Scandinavia is at the forefront of the design world these days, setting trends and dreaming up fantastic innovations in interiors and architecture. While they are certainly helping to shape the future of design, one of its most important concepts when it comes to creating the ultimate home is actually centuries-old. We sought out Anna Cappelen and Chloe Pollack-Robbins of Curious Yellow Design, a firm based in New York City and Cappelen's native Oslo, Norway to learn all about "hygge" and how to bring it into our homes to create a cozier, more inviting, and more rejuvenating dwelling.
What Is Hygge?
Hygge, pronounced "hyoo-gah," is an Old Norwegian term predating the modern language that means "well-being." Since the terms inception in the 18th century, Scandinavians have turned hygge into a lifestyle concept that keeps their mental health strong throughout the cold and dark Scandinavian winters, but it is also an important term for their everyday lives—and the way they approach design.
"Hygge is so much more than a word in Scandinavia," says Capellen. "No one works like we do here in the States. People want to come home from work at three or four in the afternoon and have their hygge. That means no one works late and everyone has family dinners." What a novel concept!
"Most Americans really only know how to utilize hygge on vacation," Pollack-Robbins laughs.
Since most Norweigans are avid skiiers, Cappelen says part of experiencing hygge is getting that time in nature up in the mountains with loved ones—and skiing is the perfect activity for enjoying the cold climate—followed by a cozy fire, a warm meal, and lots of sheepskin to keep everyone warm!
How to Hygge
"The easiest way is to start with candles, blankets and cozy socks," Pollack-Robbins says. "If you have a cocktail, some food, a blanket, fireplace, and a friend, you've got it."
The pandemic has caused many Americans to start "winterizing" their outdoor living spaces, something Scandinavians have always been experts in. Part of achieving this holistic wellbeing includes being outdoors, and with the harsh elements Northern Europe faces, many homes are equipped with all the right gear to brave winter: fire pits and outdoor heaters, plenty of blankets to be found, and we know the Finnish are famous for their backyard saunas! Find out more tips for successful outdoor entertaining through the winter, here.
"Everyone in my country simply puts on wool pants before their real pants before they go outside in the morning, and it's just normal for us," Cappelen says. "When I got here, I was going to buy some for my daughter and there wasn't anywhere to find all these wool layers I'm used to. People need to invest in these now as we are trying to enjoy outdoor dining and entertaining here in New York. Hygge is also about learning to dress properly so you can stay cozy and best enjoy where you are."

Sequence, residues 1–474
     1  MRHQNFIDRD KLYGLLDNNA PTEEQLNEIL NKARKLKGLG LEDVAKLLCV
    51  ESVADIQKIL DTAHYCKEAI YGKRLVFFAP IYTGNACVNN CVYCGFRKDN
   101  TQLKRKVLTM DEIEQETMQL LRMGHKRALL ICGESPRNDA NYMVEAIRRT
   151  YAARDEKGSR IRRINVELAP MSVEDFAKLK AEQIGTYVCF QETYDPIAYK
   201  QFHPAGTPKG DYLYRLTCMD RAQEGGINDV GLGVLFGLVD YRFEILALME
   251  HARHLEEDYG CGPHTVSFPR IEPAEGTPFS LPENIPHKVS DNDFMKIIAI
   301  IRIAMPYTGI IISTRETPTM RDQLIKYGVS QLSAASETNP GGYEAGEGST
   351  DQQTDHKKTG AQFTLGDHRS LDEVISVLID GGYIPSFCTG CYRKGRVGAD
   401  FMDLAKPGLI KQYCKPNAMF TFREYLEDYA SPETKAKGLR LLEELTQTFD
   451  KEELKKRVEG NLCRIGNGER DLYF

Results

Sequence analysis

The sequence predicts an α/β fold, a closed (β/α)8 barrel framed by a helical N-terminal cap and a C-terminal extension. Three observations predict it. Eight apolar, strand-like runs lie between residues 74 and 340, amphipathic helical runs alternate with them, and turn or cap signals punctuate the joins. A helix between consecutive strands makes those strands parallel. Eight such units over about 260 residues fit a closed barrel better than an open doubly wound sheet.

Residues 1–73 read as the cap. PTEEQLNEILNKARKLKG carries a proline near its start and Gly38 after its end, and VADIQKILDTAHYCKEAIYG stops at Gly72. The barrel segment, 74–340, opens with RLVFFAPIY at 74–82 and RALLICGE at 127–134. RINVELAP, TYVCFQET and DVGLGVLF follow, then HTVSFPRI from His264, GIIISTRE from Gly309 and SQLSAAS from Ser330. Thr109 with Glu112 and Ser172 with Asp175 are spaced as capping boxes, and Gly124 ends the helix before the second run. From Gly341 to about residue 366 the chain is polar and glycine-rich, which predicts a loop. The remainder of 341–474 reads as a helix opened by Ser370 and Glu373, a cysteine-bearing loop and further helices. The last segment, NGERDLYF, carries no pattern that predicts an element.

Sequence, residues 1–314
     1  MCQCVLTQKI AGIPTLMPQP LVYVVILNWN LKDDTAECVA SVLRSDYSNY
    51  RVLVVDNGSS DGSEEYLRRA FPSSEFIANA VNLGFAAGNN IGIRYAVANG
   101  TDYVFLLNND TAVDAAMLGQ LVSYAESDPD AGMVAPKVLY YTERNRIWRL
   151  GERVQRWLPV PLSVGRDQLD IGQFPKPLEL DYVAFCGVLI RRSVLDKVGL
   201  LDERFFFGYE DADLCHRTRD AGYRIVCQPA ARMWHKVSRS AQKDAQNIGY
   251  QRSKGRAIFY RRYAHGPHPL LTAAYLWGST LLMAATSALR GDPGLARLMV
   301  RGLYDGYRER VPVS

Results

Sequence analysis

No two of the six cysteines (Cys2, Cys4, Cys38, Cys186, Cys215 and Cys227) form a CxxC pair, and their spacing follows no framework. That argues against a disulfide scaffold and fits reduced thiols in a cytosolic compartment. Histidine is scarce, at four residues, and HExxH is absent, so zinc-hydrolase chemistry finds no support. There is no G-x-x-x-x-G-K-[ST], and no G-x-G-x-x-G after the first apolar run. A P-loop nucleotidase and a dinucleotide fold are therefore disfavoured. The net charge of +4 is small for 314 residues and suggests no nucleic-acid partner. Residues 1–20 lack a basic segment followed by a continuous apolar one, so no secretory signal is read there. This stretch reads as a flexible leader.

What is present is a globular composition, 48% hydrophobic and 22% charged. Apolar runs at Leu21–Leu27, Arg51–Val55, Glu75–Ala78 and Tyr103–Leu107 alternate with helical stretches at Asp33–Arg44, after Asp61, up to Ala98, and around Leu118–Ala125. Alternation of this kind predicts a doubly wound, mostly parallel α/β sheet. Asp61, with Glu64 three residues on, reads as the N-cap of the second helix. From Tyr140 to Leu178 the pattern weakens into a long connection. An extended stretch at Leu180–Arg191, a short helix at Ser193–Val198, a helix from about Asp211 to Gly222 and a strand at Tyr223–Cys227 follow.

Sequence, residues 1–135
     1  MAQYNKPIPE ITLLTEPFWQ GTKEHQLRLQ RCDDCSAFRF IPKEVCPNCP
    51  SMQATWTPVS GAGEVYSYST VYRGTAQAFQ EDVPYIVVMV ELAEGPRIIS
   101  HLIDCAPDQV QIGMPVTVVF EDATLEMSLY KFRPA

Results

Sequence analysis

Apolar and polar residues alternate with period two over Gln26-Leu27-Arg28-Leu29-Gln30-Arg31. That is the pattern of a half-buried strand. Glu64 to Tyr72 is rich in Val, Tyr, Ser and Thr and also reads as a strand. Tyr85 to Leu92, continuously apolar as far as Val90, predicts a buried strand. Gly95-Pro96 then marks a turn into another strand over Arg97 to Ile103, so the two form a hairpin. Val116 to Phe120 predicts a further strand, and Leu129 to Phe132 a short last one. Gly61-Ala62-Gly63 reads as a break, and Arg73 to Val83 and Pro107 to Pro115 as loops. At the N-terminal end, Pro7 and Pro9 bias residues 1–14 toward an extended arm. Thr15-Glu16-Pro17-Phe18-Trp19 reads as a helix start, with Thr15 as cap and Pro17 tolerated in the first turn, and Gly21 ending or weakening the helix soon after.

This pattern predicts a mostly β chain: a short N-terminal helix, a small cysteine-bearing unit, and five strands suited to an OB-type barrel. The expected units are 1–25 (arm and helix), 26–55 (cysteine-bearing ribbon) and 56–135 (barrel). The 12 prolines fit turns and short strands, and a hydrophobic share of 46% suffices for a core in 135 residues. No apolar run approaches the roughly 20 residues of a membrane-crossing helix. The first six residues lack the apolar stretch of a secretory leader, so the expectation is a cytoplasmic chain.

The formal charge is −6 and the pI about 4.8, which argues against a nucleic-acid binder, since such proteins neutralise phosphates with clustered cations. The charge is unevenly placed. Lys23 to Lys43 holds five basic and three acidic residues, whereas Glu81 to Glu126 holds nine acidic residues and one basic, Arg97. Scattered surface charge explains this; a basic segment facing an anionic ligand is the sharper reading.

How to Bring Hygge Home
Pollack-Robbins says they have had a lot of clients reach out this summer that had moved from their Manhattan apartments to the Hamptons and realized their vacation home was not all that comfortable or inviting. The Curious Yellow team says making your home more layered and creating more functional, welcoming outdoor spaces are key components. Also, make sure to employ plenty of mood lighting!
Another key way hygge has a heavy design influence is in the kitchen. Capellen says Scandinavian kitchens are often home to cozy seating areas because part of embracing hygge at home means seeking togetherness and comfort, with everyone in the kitchen cooking and doing homework together at the end of the day instead of all being in separate rooms and in their own worlds until a meal is on the table.
If your kitchen isn't as open or spacious enough to create a cozy breakfast nook, Cappelen advises extending your countertops into a work area for your kids to do their homework while you cook or a place for your partner to join you for a glass of wine as you finish up crafting a favorite recipe. Additionally, swapping hard counter stools for more comfortable options will help ensure your kitchen truly becomes the heart of the home.
The pair says hygge is a major factor when designing hospitality properties, especially boutique hotel design. They believe it's important to stray away from the typical hotel experience where you check in, go to your room, and then check out with little to no interaction with other guests through the duration of your stay. Creating inviting social spaces, from pools to firepits to open dining rooms and rooftop bars, are important for making you feel at home and comfortable enough to seek out your favorite spot outside your room to sip a cup of coffee or a cocktail, curl up with a good book—their latest venture, The Rockaway, is full of them!—and maybe make a new friend along the way. Creating those cozy, inviting spaces is just as important to have at home.
"Part of hygge is not rushing to leave somewhere and move to the next thing," Cappelen says. "It should never be, oh, here's the check, let's leave. It's about never wanting to leave!"
But What About the Maximalists?
There's a stereotype in America that hygge is strictly a design concept and only allows for a soothing neutral palette. Cappelen says hygge is more so a way of life, and while the traditional Scandinavian aesthetic is heavy on the beige and monochromatic color schemes, does not mean your own personal hygge has go against your style.
"Look at your style and peel away slightly—start by trying to replace a few crazy pillows with some more natural ones," Pollack-Robbins says. "There's a method to stripping away without losing your personality and it's about finding that balance. As long as you have comfort, togetherness, and ambiance, you can have hygge."
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